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Setting Out to C++

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This chapter gives you an overview of the essential structure of a C++ program and previews some topics—notably functions and classes—covered in much greater detail in later chapters.
This chapter is from the book

This chapter is from the book

In this chapter you’ll learn about the following:

  • Creating a C++ program
  • The general format for a C++ program
  • The #include directive
  • The main() function
  • Using the cout object for output
  • Placing comments in a C++ program
  • How and when to use endl
  • Declaring and using variables
  • Using the cin object for input
  • Defining and using simple functions

When you construct a simple home, you begin with the foundation and the framework. If you don’t have a solid structure from the beginning, you’ll have trouble later filling in the details, such as windows, door frames, observatory domes, and parquet ballrooms. Similarly, when you learn a computer language, you should begin by learning the basic structure for a program. Only then can you move on to the details, such as loops and objects. This chapter gives you an overview of the essential structure of a C++ program and previews some topics—notably functions and classes—covered in much greater detail in later chapters. (The idea is to introduce at least some of the basic concepts gradually en route to the great awakenings that come later.)

C++ Initiation

Let’s begin with a simple C++ program that displays a message. Listing 2.1 uses the C++ cout (pronounced “see-out”) facility to produce character output. The source code includes several comments to the reader; these lines begin with //, and the compiler ignores them. C++ is case sensitive; that is, it discriminates between uppercase characters and lowercase characters. This means you must be careful to use the same case as in the examples. For example, this program uses cout, and if you substitute Cout or COUT, the compiler rejects your offering and accuses you of using unknown identifiers. (The compiler is also spelling sensitive, so don’t try kout or coot, either.) The cpp filename extension is a common way to indicate a C++ program; you might need to use a different extension, as described in Chapter 1, “Getting Started with C++.”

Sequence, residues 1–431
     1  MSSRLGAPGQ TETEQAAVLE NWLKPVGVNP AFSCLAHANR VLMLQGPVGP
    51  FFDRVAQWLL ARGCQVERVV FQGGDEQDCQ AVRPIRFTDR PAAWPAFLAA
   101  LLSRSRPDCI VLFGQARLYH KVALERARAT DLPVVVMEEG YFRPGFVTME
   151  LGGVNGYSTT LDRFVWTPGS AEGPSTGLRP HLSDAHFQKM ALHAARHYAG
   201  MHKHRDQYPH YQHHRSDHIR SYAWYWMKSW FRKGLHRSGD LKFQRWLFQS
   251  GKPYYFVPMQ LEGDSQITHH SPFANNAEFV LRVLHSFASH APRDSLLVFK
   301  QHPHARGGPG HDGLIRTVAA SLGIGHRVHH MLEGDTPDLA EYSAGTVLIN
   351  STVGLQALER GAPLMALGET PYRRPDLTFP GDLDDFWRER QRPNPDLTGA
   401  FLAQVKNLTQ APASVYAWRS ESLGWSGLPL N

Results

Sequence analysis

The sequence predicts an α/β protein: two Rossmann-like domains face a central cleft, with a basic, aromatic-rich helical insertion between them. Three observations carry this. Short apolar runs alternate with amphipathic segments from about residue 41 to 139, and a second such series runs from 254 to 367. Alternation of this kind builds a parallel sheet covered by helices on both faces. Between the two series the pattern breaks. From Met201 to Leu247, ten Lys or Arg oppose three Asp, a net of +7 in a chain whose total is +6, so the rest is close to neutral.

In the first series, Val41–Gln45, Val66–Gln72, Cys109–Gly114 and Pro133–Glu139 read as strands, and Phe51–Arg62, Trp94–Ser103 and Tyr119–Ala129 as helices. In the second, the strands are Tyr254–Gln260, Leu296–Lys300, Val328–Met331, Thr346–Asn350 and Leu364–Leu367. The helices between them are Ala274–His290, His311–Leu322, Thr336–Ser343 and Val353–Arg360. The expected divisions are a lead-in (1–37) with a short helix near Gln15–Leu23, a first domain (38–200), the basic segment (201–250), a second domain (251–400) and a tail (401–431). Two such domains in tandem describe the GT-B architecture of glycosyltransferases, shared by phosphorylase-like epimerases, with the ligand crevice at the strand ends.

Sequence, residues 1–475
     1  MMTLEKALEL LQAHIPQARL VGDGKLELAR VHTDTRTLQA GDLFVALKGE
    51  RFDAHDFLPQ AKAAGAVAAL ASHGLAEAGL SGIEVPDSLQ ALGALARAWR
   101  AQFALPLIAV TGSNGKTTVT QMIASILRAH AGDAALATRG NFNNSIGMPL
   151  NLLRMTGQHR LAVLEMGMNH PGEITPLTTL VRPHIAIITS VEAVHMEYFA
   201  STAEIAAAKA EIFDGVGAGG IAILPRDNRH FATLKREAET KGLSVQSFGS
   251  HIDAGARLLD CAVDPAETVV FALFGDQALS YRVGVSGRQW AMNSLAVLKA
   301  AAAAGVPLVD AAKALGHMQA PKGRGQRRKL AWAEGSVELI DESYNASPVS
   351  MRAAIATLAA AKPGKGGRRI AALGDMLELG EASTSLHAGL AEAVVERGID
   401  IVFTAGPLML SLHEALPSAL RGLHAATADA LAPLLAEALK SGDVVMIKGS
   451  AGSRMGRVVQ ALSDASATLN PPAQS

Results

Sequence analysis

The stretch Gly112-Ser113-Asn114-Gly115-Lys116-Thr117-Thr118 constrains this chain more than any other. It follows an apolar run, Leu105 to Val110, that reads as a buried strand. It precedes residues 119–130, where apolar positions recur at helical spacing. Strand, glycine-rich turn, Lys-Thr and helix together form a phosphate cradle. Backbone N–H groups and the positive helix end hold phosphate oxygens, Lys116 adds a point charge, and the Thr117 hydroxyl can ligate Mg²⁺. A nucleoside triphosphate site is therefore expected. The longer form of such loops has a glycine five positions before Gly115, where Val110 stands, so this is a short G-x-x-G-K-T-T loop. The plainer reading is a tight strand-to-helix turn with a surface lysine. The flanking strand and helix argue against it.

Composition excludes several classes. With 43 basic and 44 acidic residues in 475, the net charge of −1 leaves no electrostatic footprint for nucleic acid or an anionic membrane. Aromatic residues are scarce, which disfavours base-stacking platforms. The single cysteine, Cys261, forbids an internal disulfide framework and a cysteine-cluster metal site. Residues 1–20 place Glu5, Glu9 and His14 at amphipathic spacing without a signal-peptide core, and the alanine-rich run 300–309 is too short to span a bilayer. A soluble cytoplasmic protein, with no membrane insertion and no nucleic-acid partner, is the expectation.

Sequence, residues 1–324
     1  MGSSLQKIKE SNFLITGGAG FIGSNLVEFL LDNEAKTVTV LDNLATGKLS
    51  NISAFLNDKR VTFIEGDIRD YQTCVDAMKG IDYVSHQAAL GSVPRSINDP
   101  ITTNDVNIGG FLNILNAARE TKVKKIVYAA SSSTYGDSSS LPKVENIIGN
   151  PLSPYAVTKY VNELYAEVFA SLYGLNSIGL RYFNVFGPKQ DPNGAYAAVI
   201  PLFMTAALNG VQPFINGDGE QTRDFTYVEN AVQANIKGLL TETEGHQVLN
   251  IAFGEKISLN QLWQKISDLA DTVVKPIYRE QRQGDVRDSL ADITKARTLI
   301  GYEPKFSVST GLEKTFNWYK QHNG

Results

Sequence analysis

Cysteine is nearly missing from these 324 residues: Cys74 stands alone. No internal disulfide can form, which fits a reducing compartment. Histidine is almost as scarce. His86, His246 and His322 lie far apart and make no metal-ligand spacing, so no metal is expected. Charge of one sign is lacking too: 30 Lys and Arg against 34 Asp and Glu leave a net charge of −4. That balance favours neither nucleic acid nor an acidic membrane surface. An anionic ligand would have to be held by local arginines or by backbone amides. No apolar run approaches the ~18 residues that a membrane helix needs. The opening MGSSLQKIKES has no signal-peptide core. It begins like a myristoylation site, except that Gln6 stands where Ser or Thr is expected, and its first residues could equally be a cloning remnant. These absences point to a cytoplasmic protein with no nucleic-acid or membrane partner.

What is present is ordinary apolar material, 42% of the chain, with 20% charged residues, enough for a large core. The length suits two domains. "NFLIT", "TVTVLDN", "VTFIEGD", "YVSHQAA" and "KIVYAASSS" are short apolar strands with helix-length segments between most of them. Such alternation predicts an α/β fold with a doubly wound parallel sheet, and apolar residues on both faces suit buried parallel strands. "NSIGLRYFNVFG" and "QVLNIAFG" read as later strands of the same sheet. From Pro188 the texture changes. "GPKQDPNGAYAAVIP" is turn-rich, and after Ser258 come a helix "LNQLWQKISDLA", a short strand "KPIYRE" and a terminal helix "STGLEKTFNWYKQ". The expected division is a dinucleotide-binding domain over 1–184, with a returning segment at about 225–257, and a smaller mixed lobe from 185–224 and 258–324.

Listing 2.1 myfirst.cpp

// myfirst.cpp -- displays a message

#include <iostream>                           // a PREPROCESSOR directive
int main()                                    // function header
{                                             // start of function body
    using namespace std;                      // make definitions visible
    cout << "Come up and C++ me some time.";  // message
    cout << endl;                             // start a new line
    cout << "You won't regret it!" << endl;   // more output
    return 0;                                 // terminate main()
}                                             // end of function body

After you use your editor of choice to copy this program (or else use the source code files available online from this book’s web page—check the registration link on the back cover for more information), you can use your C++ compiler to create the executable code, as Chapter 1 outlines. Here is the output from running the compiled program in Listing 2.1:

Come up and C++ me some time.
You won't regret it!

You construct C++ programs from building blocks called functions. Typically, you organize a program into major tasks and then design separate functions to handle those tasks. The example shown in Listing 2.1 is simple enough to consist of a single function named main(). The myfirst.cpp example has the following elements:

  • Comments, indicated by the // prefix
  • A preprocessor #include directive
  • A function header: int main()
  • A using namespace directive
  • A function body, delimited by { and }
  • Statements that uses the C++ cout facility to display a message
  • A return statement to terminate the main() function

Let’s look at these various elements in greater detail. The main() function is a good place to start because some of the features that precede main(), such as the preprocessor directive, are simpler to understand after you see what main() does.

Features of the main() Function

Stripped of the trimmings, the sample program shown in Listing 2.1 has the following fundamental structure:

int main()
    return 0;